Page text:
Practitioners need immediate guidance on tax reform act, AICPA says

By Alistair M. Nevius, J.D.

The IRS should issue immediate guidance in 39 areas affected by P.L. 115-97 (known as the Tax Cuts and Jobs Act), AICPA Tax Executive Committee Chair Annette Nellen said in a letter to the IRS and Treasury on Monday. She called on the IRS to issue immediate guidance to help both taxpayers and tax practitioners.

P.L. 115-97 was enacted Dec. 22 and makes numerous changes to the Internal Revenue Code. Nellen highlighted three areas of main concern:

  • The deduction for passthrough income in new Sec. 199A, particularly “the definition of specified service trade or business, the interaction of this section with other Code sections and the calculation of the section 199A deduction for complex business structures”;
  • Procedures for making Sec. 481 accounting method changes to comply with the new rules; and
  • Penalty relief for underpayment of taxes because “[t]axpayers and preparers need sufficient time to determine the appropriate withholding and estimated tax payments for businesses, individuals, trusts, estates, and other entities that may have a dramatically different tax liability in 2018 or that are affected by provisions effective for 2017.”

Under the Sec. 199A passthrough deduction, several specific items require guidance, according to Nellen:

  • The meaning of “specified service trade or business” under Sec. 199A(d)(2);
  • The calculation of qualified business income when flowing through to multiple tiered entities;
  • How losses from one business are netted against gains from another;
  • The effect of existing groupings of trades or businesses for purposes of the limitations based on W-2 wages, adjusted basis of assets, and specified service business;
  • Whether wages will be determined in a way that is similar to the concepts provided in Regs. Sec. 1.199-2(a)(2) (consider wages of the common law employees, regardless of who is responsible for the payment of the wage);
  • Whether a trade or business is defined as an activity within an entity;
  • Whether all similar qualified businesses are aggregated for purposes of the calculation or if each business is evaluated separately;
  • Whether the taxpayer may consider a management company an integral part of the operating trade or business (and, thus, not a specified business activity) if substantially all of the management company’s income is from that other trade or business;
  • The qualification of real property rental income as qualified business income (or loss);
  • If grouping is allowed, whether taxpayers may treat the rental of real estate to their related C corporation (e.g., a self-rental) as trade or business income;
  • The determination of items effectively connected with a business;
  • The unadjusted basis of assets expensed under Sec. 179 or subject to bonus depreciation;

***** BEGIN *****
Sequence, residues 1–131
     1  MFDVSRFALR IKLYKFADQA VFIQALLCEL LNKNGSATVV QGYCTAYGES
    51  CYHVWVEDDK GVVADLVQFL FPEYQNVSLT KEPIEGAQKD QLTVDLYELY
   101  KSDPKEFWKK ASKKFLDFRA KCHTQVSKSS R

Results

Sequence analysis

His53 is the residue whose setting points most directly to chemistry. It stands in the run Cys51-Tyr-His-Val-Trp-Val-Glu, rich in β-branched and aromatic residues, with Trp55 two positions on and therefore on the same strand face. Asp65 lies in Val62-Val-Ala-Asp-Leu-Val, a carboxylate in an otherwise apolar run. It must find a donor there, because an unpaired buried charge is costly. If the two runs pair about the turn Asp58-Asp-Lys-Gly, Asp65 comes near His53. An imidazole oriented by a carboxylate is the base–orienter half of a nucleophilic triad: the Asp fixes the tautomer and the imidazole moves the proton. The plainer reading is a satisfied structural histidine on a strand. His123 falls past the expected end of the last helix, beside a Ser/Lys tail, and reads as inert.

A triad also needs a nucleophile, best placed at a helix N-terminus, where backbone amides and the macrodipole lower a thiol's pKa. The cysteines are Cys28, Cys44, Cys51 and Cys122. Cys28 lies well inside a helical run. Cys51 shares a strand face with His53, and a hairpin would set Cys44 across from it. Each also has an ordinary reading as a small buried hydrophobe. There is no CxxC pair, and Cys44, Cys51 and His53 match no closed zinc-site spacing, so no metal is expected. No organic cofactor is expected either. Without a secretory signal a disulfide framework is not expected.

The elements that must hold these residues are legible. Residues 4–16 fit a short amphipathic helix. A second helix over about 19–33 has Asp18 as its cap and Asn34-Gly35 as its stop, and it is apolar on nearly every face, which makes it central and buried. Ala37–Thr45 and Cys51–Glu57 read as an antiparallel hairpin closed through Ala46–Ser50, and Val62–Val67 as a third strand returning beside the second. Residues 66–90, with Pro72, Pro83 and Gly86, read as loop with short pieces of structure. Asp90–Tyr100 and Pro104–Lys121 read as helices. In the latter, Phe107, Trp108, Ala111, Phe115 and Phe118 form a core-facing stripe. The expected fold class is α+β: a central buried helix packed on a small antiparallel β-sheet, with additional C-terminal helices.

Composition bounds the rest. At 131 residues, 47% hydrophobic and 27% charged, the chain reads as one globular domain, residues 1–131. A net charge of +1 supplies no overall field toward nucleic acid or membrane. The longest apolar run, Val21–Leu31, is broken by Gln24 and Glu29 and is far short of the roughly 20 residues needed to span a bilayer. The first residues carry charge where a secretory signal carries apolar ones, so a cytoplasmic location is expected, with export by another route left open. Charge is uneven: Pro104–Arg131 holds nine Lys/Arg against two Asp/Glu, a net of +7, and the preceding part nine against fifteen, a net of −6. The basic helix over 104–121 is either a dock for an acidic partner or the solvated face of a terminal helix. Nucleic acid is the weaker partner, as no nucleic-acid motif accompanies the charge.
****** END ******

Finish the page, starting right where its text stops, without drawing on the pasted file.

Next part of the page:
• The unadjusted basis of assets held as of Jan. 1, 2018;
  • The unadjusted basis of property subject to Sec. 743(b) basis adjustments;
  • The effect, if any, of the 20% deduction on net investment income tax calculations.

The letter also requested guidance on many other items in the new law, including:

  • New Sec. 45S, which creates a credit for employers who pay employees during family or medical leave;
  • The new Sec. 59A base-erosion and anti-abuse tax;
  • The treatment of reimbursement of moving expenses incurred by an employee when the corresponding reimbursement by the employer to the employee occurs in 2018;
  • Transition relief for the modification of the limitation on excessive employee remuneration under Sec. 162(m);
  • A definition of “binding contract” as used in Sec. 163(h)(3)(F)(i)(IV) (limiting the mortgage-interest deduction);
  • Guidance on the Sec. 163(j) interest deduction limitation as it relates to consolidated returns, on how taxpayers that can elect out make the election, on the grouping of businesses for purposes of the $25 million income cap, and other issues;
  • How cash-basis taxpayers can preserve the state and local tax deduction in 2018 (subject to the $10,000 limitation) for 2018 state and local taxes paid in 2017 and found to be nondeductible in 2017;
  • The application of the binding contract rules to the 100% expensing of property acquired and placed in service after Sept. 27, 2017, and what the acquisition date for self-constructed property is for bonus depreciation purposes;
  • The specific types of assets that qualify as “qualified real property” under Sec. 179;
  • Confirm whether S corporations qualify for the Sec. 250 deduction for foreign-derived intangible income and global intangible low-taxed income;
  • Transition rules regarding Sec. 263A uniform capitalization rules for taxpayers who meet the $25 million small business definition;
  • Transition rules for taxpayers who meet the $25 million small business definition and want to move from the accrual basis to the cash basis of accounting (also, clarify if aggregation of gross receipts of affiliated taxpayers is required in calculating any limitations or exceptions to the general rule); and
  • Clarify that when the new gift, estate, and generation-skipping transfer tax exemptions sunset after 2025, and the exemption reverts to 2017 law in 2026, any 2018–2025 transactions will not be taxable at the time of the law’s sunset.

Alistair M. Nevius ( is the JofA’s editor-in-chief, tax.

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